Trigger finger is a condition that limits finger movement by locking before popping out straight. Flexor tendons control the movements of the fingers and the thumb by extending from the muscles through the wrist and attaching to the small bones on your fingers. Sometimes, the flexor tendon becomes irritated causing it to thicken, which ultimately makes it difficult to pass through a tunnel called the tendon sheath. Once you have developed trigger finger, the tendons become stuck at the opening of the tendon sheath. The tendon then slips through as you straighten your finger, and you may feel a pop before it straightens out.
Usually the cause of trigger finger is unknown. A few factors that may put you at higher risk for developing trigger finger are:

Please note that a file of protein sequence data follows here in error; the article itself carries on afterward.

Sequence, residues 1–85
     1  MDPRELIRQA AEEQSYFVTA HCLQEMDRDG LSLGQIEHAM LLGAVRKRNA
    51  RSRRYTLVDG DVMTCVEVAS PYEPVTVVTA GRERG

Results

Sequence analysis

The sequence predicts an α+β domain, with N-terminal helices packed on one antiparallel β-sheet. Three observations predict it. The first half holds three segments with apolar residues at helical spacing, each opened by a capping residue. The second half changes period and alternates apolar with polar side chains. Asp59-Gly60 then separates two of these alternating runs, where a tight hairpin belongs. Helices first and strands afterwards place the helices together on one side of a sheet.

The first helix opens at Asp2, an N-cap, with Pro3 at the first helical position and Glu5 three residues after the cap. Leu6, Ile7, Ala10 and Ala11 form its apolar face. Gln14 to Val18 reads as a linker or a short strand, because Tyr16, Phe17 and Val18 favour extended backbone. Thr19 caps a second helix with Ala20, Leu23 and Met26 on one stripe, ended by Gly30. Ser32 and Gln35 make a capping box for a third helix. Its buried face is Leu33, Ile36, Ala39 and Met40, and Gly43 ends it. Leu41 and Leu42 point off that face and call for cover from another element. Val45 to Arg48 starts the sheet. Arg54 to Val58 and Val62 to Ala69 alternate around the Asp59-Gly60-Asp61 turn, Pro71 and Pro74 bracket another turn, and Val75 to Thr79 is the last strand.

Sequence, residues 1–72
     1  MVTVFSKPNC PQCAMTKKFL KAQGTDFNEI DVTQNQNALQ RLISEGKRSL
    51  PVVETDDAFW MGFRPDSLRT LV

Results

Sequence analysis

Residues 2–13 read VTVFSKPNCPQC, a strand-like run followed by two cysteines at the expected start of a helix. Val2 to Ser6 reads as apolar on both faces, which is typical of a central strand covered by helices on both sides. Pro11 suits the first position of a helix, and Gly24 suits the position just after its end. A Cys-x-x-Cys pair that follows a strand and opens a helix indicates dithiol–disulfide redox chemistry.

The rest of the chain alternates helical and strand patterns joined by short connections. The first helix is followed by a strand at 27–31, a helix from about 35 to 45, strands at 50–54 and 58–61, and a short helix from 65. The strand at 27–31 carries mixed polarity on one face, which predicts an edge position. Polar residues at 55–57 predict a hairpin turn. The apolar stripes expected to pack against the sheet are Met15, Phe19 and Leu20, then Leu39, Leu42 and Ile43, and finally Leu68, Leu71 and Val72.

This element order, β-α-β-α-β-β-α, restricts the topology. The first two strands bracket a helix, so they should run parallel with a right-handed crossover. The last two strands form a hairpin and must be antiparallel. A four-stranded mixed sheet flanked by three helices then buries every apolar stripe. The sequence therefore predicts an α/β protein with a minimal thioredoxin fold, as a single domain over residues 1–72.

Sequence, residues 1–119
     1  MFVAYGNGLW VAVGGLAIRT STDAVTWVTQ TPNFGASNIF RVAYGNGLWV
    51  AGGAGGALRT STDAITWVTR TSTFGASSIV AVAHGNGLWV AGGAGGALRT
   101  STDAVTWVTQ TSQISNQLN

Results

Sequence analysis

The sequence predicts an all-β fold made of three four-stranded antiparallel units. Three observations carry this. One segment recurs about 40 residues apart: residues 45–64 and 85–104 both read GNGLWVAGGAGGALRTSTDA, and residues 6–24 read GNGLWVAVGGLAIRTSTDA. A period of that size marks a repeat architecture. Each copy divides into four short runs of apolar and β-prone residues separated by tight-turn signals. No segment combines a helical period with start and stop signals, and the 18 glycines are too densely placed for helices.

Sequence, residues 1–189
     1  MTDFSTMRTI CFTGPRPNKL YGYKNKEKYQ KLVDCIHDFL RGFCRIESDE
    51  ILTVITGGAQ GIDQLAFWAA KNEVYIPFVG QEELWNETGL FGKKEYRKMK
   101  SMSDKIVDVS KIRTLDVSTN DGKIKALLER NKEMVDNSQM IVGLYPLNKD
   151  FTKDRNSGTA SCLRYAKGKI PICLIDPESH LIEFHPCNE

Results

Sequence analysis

- If you are a woman, as trigger finger is more prone to generate in women
- If you are between the ages of 40 and 60
- If you have certain medical problems, such as diabetes or rheumatoid arthritis
Diagnosing trigger finger is fairly easy and does not require X-rays or other testing; it is diagnosed with a simple hand examination. Trigger finger is not a life-threatening condition. Treatment of this condition can range from medication to outpatient surgery. Recovery after surgery is fairly quick. You may be able to move your finger immediately after surgery, and you are usually completely recovered within a few weeks.